An Unavailability Analysis of Firewall Sandwich Configurations Download

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An Unavailability Analysis of Firewall Sandwich Configurations
Steve Goddard
Computer Science & Engineering
University of Nebraska – Lincoln
Lincoln, NE 68588-0115
[email protected]
Abstract
Firewalls form the first line of defense in securing
internal networks from the Internet. A Firewall only
provides security if all traffic into and out of an internal
network passes through the firewall. However, a single
firewall through which all network traffic must flow
represents a single point of failure. If the firewall is
down, all access is lost. A common solution to this
problem is to use firewall sandwiches, comprising
multiple firewall processors running in parallel.
A firewall sandwich system needs load-balancing
processes executing on separate processors to manage
the flow of packets through the firewall processors. The
number of redundant load balancing processors and their
redundancy management policies have a major impact on
system unavailability. We present a model to analyze the
steady-state unavailability of firewall sandwiches and
compare the unavailability of various load-balancing
configurations. The results show that, using
representative non-proprietary values for system
parameters, redundancy management policies are at least
as important as the number of redundant processing
nodes.
1. Introduction
The importance of networking and the Internet have
grown dramatically over the last five years.
It is
commonly accepted that businesses not only have access
to the Internet for their employees, but that they have a
“presence on the net” for customers to shop and purchase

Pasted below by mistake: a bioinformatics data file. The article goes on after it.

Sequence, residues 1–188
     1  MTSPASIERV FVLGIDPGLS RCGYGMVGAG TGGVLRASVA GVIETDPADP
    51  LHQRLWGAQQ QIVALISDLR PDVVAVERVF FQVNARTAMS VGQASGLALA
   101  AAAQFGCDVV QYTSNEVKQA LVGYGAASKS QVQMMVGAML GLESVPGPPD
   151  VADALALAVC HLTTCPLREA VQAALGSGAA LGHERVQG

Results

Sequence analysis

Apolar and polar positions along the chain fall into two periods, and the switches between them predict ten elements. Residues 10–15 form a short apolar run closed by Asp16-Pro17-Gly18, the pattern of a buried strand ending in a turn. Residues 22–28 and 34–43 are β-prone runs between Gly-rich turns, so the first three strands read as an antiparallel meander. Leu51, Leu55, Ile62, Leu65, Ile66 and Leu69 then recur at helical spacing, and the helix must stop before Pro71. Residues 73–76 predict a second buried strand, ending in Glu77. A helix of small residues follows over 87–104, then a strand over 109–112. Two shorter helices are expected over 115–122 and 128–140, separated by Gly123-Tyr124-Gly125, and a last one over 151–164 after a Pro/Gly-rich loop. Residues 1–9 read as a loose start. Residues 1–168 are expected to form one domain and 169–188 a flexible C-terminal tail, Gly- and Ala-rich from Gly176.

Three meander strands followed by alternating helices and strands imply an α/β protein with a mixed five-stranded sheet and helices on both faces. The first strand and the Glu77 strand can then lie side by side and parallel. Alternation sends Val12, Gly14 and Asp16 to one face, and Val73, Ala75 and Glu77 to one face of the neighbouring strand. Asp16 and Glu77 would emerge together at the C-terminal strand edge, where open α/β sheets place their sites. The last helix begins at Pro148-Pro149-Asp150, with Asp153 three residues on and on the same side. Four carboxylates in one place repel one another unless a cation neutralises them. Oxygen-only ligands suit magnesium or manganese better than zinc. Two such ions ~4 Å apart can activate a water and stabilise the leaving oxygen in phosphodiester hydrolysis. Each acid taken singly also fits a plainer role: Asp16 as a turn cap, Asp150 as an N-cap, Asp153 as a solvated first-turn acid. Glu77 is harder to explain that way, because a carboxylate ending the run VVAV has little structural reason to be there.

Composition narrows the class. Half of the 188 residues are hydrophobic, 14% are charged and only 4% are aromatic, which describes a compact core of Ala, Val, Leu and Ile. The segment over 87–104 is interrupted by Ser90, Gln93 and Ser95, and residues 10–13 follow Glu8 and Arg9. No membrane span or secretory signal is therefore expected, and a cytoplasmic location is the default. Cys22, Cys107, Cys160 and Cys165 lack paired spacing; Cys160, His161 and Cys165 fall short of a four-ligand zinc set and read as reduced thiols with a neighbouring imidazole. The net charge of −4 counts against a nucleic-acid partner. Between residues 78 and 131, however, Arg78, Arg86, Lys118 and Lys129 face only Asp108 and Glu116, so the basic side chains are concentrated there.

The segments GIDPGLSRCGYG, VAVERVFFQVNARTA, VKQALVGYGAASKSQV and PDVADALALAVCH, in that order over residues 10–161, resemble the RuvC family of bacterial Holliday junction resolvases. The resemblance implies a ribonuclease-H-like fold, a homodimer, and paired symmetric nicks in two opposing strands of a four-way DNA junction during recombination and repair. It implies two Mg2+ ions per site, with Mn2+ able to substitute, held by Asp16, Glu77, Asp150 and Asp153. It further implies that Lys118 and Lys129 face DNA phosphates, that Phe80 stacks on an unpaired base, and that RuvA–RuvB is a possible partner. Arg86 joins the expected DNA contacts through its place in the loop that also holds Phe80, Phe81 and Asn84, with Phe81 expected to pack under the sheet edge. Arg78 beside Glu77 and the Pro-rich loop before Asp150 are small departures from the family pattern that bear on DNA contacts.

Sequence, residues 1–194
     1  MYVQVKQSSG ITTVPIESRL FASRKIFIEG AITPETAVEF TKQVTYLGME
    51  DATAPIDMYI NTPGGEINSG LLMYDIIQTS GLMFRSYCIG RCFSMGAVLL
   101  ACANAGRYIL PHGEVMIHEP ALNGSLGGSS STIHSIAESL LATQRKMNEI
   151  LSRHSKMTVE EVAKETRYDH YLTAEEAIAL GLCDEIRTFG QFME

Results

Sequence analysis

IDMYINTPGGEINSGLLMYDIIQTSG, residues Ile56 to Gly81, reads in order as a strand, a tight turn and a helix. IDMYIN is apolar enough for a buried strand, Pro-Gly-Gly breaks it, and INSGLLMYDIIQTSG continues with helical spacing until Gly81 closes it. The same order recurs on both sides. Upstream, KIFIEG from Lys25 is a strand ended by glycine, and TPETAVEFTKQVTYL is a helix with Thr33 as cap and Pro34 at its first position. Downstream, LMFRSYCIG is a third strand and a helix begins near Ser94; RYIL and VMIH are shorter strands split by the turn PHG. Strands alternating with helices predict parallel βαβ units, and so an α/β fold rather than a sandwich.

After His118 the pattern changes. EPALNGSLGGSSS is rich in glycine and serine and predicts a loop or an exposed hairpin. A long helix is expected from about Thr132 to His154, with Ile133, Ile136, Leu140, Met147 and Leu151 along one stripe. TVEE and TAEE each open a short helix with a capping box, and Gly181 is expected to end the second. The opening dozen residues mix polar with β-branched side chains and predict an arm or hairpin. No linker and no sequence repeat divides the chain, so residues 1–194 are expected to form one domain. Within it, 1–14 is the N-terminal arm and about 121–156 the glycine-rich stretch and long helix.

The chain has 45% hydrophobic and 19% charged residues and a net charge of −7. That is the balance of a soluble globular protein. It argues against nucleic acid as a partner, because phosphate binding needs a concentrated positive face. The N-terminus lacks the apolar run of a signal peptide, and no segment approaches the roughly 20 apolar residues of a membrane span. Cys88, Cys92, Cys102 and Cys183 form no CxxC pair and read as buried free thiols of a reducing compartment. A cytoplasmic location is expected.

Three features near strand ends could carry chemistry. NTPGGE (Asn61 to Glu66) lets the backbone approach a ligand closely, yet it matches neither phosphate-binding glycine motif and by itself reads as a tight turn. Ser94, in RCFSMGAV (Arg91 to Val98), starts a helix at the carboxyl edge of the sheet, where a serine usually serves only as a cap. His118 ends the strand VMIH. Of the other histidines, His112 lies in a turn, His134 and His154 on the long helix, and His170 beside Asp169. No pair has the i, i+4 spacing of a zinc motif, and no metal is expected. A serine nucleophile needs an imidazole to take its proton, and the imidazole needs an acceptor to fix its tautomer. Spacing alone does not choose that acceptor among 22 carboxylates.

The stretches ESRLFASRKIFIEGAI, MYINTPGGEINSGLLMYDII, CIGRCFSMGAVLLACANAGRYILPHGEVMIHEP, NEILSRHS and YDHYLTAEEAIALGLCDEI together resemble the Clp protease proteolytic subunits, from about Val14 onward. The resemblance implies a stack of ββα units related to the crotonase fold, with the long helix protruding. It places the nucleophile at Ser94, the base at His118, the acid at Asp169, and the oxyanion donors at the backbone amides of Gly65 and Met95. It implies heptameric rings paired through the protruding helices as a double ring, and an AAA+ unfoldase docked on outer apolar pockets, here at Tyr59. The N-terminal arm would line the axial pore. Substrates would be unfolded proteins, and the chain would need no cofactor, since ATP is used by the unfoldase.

items via the Internet. Over the past five years the terms
e-commerce and business-to-business (or B2B) commerce
have moved from arcane terminology to pop vocabulary.
Networks have grown from a convenient internal
productivity tool to a necessary component of almost all
businesses. Due to businesses’ increased reliance on the
Internet and the amount of revenue that is lost when their
connection to the Internet is down, a company’s network
and its internet connection should be viewed as a high
assurance, high consequence system.
Roger Kieckhafer
Yuping Zhang
Electrical & Computer Engineering
Michigan Technological University
Houghton, MI 49931-1295
{rmkieckh,yuping}@mtu.edu
This paradigm shift in business, which requires a
portal to the Internet, has created an open-door to
computer systems and valuable information that was
never meant to be available to the public. Thus,
companies are faced with a paradox: they must protect
their confidential and high consequence systems while
maintaining public access to portions of their network.
To solve this paradox, most companies use a firewall to
protect their internal networks from unwanted intrusions
while still allowing public access to select servers and a